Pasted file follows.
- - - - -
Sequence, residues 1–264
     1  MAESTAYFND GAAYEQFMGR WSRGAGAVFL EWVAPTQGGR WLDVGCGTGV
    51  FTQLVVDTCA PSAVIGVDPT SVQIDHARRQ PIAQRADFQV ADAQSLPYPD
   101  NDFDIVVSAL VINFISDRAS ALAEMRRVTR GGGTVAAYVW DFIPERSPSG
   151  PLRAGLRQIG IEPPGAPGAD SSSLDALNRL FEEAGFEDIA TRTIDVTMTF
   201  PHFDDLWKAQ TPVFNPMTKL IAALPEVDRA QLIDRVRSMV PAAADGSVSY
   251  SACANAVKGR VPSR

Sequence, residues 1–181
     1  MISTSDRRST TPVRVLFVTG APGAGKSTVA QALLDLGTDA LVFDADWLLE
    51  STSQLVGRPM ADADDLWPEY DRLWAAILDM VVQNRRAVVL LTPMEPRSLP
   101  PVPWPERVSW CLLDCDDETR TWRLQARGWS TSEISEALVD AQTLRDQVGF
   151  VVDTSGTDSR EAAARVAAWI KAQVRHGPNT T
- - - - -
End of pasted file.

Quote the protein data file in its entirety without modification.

Sequence, residues 1–264
     1  MAESTAYFND GAAYEQFMGR WSRGAGAVFL EWVAPTQGGR WLDVGCGTGV
    51  FTQLVVDTCA PSAVIGVDPT SVQIDHARRQ PIAQRADFQV ADAQSLPYPD
   101  NDFDIVVSAL VINFISDRAS ALAEMRRVTR GGGTVAAYVW DFIPERSPSG
   151  PLRAGLRQIG IEPPGAPGAD SSSLDALNRL FEEAGFEDIA TRTIDVTMTF
   201  PHFDDLWKAQ TPVFNPMTKL IAALPEVDRA QLIDRVRSMV PAAADGSVSY
   251  SACANAVKGR VPSR

Sequence, residues 1–181
     1  MISTSDRRST TPVRVLFVTG APGAGKSTVA QALLDLGTDA LVFDADWLLE
    51  STSQLVGRPM ADADDLWPEY DRLWAAILDM VVQNRRAVVL LTPMEPRSLP
   101  PVPWPERVSW CLLDCDDETR TWRLQARGWS TSEISEALVD AQTLRDQVGF
   151  VVDTSGTDSR EAAARVAAWI KAQVRHGPNT T